AIG's Real Numbers Still Shrouded in Secrecy

By Jonathan Weil
Bloomberg (Opinion) News
October 7, 2010


American International Group Inc., the bailed-out insurance company, says it's poised to emerge as a "financially strong, independent company" once it repays the U.S. government. That claim might be more credible if AIG started showing a truer picture of its financial condition.

The choice belongs to AIG and, ultimately, the Treasury Department. Two years ago when the government seized control of AIG, the Treasury in effect took a 79.9 percent ownership stake in the company, through preferred shares and warrants it received as part of AIG's $182 billion bailout package. By keeping its stake below 80 percent, the government ensured that a financial-reporting method known as push-down accounting wouldn't be permitted under U.S. accounting rules.

The reason that was so important? Had AIG chosen to implement push-down accounting, it would have had to undergo a complete re-assessment of all its assets and liabilities. And, with a few possible exceptions, the company would have been required to begin showing them on its balance sheet at their fair market values, which may have left AIG's books looking a lot worse.

The government wanted to avoid the possibility of this outcome, as the Congressional Oversight Panel for the government's bailout program chronicled in a June report on AIG. So it structured the Treasury's ownership position to make sure that "push-down accounting is disallowed and not an issue," the panel said. Hence, the 79.9 percent limit.

Bigger Stake

The Treasury's stake is now set to increase significantly, however. One consequence, judging by the numbers AIG cited last week in a press release, is that push-down accounting would become optional, though not required. While AIG has given no indication that it's inclined to redo its balance-sheet, the issue of whether it should is now ripe.

Under AIG's plan to repay the government, the Treasury would swap its current holdings, now valued at $49.1 billion, for a 92.1 percent stake in AIG's common stock. Once the exchange is completed, the Treasury then would sell its shares on the open market, a process that could take years to complete.

Just how much demand materializes for those shares will depend partly on whether investors believe they can trust AIG's numbers. For many of them, an important question will be this: What are the items on AIG's balance sheet actually worth?

The government might not want the public to know the answer. Showing AIG's assets and liabilities at fair value conceivably could scare some investors away, reducing the Treasury's chances of recouping its money. As for taxpayers, divulging such information could reveal if the government paid more for its stake than it's worth.

Determining AIG's Worth

The rules for push-down accounting, which the Securities and Exchange Commission's staff laid out in a 2001 memo, hinge on rigid numerical tests for determining if a company has become "substantially wholly owned" by another entity. The method is prohibited with less than 80 percent ownership, permitted if ownership is 80 percent or more but less than 95 percent, and required (with some exceptions) at 95 percent or more.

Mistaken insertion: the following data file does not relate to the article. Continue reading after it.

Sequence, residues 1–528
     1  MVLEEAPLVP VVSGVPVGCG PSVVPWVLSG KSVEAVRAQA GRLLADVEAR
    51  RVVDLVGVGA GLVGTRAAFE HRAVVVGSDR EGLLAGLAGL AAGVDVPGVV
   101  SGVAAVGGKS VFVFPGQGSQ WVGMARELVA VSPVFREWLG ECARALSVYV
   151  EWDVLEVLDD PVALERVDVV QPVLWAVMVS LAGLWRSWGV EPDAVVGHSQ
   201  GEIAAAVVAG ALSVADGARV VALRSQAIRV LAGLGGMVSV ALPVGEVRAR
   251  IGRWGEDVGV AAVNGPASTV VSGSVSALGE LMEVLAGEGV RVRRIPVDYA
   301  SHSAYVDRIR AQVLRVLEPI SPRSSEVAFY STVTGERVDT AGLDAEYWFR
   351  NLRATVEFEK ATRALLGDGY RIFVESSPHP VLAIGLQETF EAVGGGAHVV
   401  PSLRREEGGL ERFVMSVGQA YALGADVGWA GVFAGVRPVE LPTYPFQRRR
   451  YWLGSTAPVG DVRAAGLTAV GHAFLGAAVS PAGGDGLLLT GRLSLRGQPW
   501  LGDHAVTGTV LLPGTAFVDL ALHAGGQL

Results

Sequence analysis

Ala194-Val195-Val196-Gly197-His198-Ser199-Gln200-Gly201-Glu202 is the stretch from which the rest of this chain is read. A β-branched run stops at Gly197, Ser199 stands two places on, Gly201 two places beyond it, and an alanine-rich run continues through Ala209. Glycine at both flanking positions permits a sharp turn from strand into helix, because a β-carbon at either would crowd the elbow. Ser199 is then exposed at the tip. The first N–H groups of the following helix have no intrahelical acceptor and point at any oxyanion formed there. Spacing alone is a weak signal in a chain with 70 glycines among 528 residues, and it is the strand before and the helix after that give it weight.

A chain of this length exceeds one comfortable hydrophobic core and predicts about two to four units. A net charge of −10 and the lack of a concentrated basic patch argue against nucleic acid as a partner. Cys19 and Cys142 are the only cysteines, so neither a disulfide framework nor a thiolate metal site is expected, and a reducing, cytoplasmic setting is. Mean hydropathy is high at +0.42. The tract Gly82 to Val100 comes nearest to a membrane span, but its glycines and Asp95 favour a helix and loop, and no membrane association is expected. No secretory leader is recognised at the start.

The process works like this. When a transaction or series of deals results in a company becoming substantially owned by another entity, the new owner allocates its purchase price among the assets and liabilities it acquired, using their newly assigned fair values. Those values then are pushed down to the acquired company, which can cause either positive or negative adjustments to the items on its balance sheet.

Real World Numbers

The effects of push-down accounting on AIG's books probably would be sizeable. As of June 30, AIG said 54 percent of the $850.5 billion of assets on its balance sheet were measured at fair value on a recurring basis, meaning 46 percent weren't. Just 4 percent of its $745.9 billion of liabilities were.

One example of an asset carried at cost, rather than fair value, is a $29 billion line on AIG's books called deferred acquisition costs, which include sales commissions and other expenses related to acquiring and renewing customers' insurance policies. These deferred costs aren't saleable. It is money out the door. Their fair value wouldn't be anywhere close to $29 billion in the real world. Yet that figure represented 38 percent of AIG's shareholder equity as of June 30.

Other fair-value adjustments could result in increases to AIG's equity. For instance, AIG said the fair values for some liabilities were lower than what its balance sheet showed.

An AIG spokesman, Mark Herr, declined to comment for this column, as did a Treasury spokesman, Mark Paustenbach. My guess is that neither Treasury nor AIG wants to highlight that push- down accounting is back on the table as an option. If more investors knew that it was, they just might demand the additional transparency.

If AIG is truly healthy, it should open its kimono.

(Jonathan Weil is a Bloomberg News columnist. The opinions expressed are his own.)

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